Among all the magnificent Scottish animals you might hope to encounter on your trip around the country, Scottish midges are certainly not one of them. But there are ways to deal with midges and other beasties (insects) in order to avoid a “ruined holiday”. Here’s everything you need to know about Scottish midges, clegs and ticks.
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We’ve all seen them. The viral videos of some fearless nutter with a death wish standing in the Scottish Highlands on an overcast day they are quickly surrounded by a chaotic swarm of tiny black flies. (If you haven’t here’s one featuring my pal Calum Maclean.)
The dreaded Scottish midges.
The most numerous of Scottish animals, more biomass than all Scottish people combined. Don’t quote me on that – but that’s what it feels like when you encounter a swarm of them.
“When is the best time to visit to avoid the midges?” and “Are the midges going to ruin our experience?” are the two most asked questions about Scottish wildlife that find their way into my inbox.
But the answer – like so many other things in life – depends. Yes, it’s possible to avoid midge season entirely, but that doesn’t mean that their active time is a total no-go period. You can still have a great time in Scotland, even if there’s midges around.
In this post, I answer some of the most important questions about midges –
- What are Scottish midges?
- When is midge season?
- Where and in what conditions do they thrive the most?
- How to avoid midges in Scotland?
- What are the most effective remedies?
I’ll also cover other Scottish beasties (or insects) that you may encounter – many of which are actually more likely to really “ruin” your trip – like horseflies and ticks.
Table of Contents
What are midges?
Midges are tiny black flies that live seasonally in the British Isles, Scandinavia, other regions of northern Europe, and as far away as Russia and China. It’s also known as the Highland midge or ‘midgie’ (although, you’ll usually encounter multiple ‘midgies’).
Female midges are known to form large swarms to prey on animals (including cattle, sheep and deer) and humans to suck their blood. You may not notice them until it’s too late and you’ve been bitten. They make very little noise and are very small – much smaller than mosquitoes. Your skin will itch before you know it.
You may wonder if Scottish midges are dangerous? Luckily, I can put your mind at ease. Midges are not dangerous and their bites do not transmit any diseases. But they are annoying and usually itchy. Some people react worse than others though, so you may be one of the lucky few who aren’t bothered by them.
Things you must know about Scottish midges
It doesn’t take long for midges to mature and lay their own batch of eggs – that’s why there can be multiple generations during one season.
Scottish midges love overcast and wind still days, even better if it is a little muggy or dreich (humid). Rain does not deter them. On days like these, you’re almost guaranteed to encounter midges.
Midges are most active during the morning hours and before sunset, but they can be around and bite at any time of the day.
There are the fortunate few who hardly get bothered by midges, while others seem to attract them like honey – I’m one of the latter… Some people get bitten a lot more than others.
Where Scottish midges live
Midges require standing water to lay their eggs – sheltered lochans, puddles, bogs etc. – and they “hunt” near to their breeding grounds. When choosing a site to camp or spread a picnic blanket, consider if there’s any standing water nearby.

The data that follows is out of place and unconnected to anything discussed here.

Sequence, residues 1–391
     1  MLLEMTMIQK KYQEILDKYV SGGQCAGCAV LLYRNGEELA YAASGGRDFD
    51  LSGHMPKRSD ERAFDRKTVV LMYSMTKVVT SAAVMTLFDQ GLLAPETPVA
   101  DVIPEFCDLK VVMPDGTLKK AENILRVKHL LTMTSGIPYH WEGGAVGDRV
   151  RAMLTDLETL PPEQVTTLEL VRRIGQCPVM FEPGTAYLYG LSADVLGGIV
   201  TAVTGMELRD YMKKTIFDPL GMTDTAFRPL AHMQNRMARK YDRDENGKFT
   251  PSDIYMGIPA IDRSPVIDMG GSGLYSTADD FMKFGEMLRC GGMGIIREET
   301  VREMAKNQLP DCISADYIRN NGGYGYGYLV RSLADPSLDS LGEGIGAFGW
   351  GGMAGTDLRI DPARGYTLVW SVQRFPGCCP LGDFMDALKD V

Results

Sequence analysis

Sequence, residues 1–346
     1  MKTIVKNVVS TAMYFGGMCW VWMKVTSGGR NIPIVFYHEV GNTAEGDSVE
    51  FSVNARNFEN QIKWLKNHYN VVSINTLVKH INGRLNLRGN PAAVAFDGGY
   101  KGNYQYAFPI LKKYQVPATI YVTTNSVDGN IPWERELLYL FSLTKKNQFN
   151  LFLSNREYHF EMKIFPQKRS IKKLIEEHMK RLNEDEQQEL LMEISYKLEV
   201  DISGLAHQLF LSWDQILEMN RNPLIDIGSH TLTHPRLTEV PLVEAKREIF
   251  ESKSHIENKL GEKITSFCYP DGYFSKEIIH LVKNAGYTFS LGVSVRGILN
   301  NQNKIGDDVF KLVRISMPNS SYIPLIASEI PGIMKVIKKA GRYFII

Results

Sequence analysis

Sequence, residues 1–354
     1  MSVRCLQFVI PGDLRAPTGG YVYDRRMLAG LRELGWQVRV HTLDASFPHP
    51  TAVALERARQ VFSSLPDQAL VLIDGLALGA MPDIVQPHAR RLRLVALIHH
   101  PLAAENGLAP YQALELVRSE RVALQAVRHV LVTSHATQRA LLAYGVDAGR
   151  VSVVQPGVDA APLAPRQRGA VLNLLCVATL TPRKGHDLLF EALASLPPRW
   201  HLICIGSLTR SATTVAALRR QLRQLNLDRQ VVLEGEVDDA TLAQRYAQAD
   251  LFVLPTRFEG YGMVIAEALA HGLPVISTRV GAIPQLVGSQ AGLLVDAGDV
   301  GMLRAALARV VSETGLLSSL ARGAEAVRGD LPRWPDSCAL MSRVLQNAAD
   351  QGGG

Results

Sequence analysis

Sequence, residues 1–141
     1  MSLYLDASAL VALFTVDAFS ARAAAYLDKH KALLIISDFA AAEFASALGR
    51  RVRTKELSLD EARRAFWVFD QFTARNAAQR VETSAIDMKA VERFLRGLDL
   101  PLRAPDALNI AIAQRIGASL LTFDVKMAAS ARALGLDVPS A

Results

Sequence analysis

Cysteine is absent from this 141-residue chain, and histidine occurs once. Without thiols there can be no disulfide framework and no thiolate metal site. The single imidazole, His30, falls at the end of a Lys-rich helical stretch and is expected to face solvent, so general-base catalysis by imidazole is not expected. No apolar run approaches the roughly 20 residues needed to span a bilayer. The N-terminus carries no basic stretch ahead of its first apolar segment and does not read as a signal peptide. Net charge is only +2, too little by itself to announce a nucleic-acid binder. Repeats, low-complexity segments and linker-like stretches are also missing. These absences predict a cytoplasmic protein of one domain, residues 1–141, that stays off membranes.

They also love sheltered spots in glens or forests – areas where it tends to be less windy.
Midges will invade tents, but funny enough they don’t usually come inside houses as much. But don’t take my word on it..
What midges hate
Since they are so tiny, Scottish midges can’t deal well with wind – they simply can’t fly in it and are blown away by the breeze. Above 10km/h or 6mph is ideal.
They also don’t love harsh sunlight and dry air, so on dry, sunny days there are usually fewer midges around. Unfortunately, not the most common weather in Scotland…
In the case of a particular dry spell (think weeks without rain, and hot weather), there may not be enough standing water for midges to breed at all. Many Scots think back to the glorious summer of 2018, when we had 7 weeks without rain and there were hardly any midges at all. Too bad that clegs (or horseflies) loved these conditions and became a nuisance – read more about clegs below.
When is Scottish midge season?
The first wave of midges usually hatch in late May and from then on it’s a continuous feast for them until the end of September or early October. That’s when it gets too cold for them to successfully continue breeding.
Can you avoid midges?
There are two ways to avoid Scottish midges.
1) One is to travel outside of midge season. Since this starts at the end of May and can last well into September though, that can be difficult to do when you travel during (what I consider) the best time to visit Scotland.
If you don’t mind travelling during the off-season, October to mid-/late May is virtually midge-free.
2) The other approach to avoid midges is to learn about Scottish midges (for example, what they like and dislike), and adjust your behaviour accordingly.
Consider what weather conditions midges love and hate, what time of the day they are most active in, what areas they are most likely to inhabit, or what attracts them to you.
For example, midges can’t fly in the wind – even the softest breeze is too strong for them – so if you can gain higher ground to leave sheltered areas or head for the windy coast.
What to do when you’ve been bitten by midges
Not everybody reacts the same way to midge bites. Some people have tiny red spots that don’t itch at all, others have super itchy red blotches on their skin for days. That’s life.